วันพฤหัสบดีที่ 4 กันยายน พ.ศ. 2557

the 1000 Paper Cranes

Sadako and the 1000 Paper Cranes

Sadako Sasaki was a Japanese girl living in Hiroshima when the atomic bomb was dropped on Japan (August 6, 1945). In 1955, at age 11, Sadako was diagnosed with leukemia, a type of cancer caused by the atomic bomb. [Photo from wikipedia.com]


While in the hospital, Sadako started to fold paper cranes. In Japan, there is a belief that if you folded 1000 paper cranes, then your wish would come true. Sadako spend 14 months in the hospital, folding paper cranes with whatever paper she could get. Paper was scarce so she used the paper from medicine bottles, candy wrappers, and left over gift wrap paper. Her wish was that she would get well again, and to attain peace & healing to the victims of the world.

Sadako died on October 25, 1955, she was 12 years old and had folded over 1300 paper cranes. Sadako’s friends and classmates raised money to build a memorial in honor of Sadako and other atomic bomb victims. The Hiroshima Peace Memorial was completed in 1958 and has a statue of Sadako holding a golden crane. At the base is a plaque that says:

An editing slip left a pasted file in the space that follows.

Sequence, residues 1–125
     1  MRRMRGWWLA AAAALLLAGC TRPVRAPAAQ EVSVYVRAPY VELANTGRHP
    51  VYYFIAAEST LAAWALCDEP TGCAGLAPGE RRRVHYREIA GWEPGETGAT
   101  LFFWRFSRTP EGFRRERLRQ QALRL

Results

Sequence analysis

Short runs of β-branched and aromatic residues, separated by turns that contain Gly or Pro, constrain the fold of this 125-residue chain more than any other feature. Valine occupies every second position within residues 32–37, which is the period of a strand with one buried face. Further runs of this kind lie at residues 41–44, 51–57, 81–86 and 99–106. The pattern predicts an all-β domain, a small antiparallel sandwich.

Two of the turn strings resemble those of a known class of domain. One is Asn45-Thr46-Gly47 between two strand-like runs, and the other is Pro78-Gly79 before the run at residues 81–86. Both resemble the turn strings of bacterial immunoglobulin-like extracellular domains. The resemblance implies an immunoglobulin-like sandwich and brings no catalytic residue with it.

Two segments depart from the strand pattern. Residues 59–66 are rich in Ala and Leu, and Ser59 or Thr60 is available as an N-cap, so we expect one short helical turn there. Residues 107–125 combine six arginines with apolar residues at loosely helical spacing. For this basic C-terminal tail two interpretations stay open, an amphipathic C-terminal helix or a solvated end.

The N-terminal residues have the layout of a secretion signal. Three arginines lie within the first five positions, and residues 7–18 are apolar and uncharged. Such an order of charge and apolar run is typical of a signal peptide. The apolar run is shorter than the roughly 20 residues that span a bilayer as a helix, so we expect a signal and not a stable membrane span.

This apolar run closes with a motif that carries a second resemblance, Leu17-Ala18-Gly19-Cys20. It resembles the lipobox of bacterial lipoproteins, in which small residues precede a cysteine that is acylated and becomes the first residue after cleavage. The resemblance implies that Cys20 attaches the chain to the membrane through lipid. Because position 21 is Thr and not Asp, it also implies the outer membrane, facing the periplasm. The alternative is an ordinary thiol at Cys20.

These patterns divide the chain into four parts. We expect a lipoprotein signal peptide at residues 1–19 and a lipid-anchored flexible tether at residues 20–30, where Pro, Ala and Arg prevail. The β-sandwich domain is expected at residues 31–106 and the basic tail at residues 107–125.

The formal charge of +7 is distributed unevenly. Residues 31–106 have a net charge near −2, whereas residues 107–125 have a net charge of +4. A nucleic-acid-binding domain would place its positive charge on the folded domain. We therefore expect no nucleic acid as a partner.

This is our cry.
This is our prayer.
Peace in the world. 
 

Although Sadako died at a very young age, her legacy continues. To this day, the paper crane is probably the most recognized origami model. The paper crane is often given as a wish for peace.
  




 How to Make a Paper Crane




Credit: www.origami-resource-center.com



ไม่มีความคิดเห็น:

โพสต์ความคิดเห็น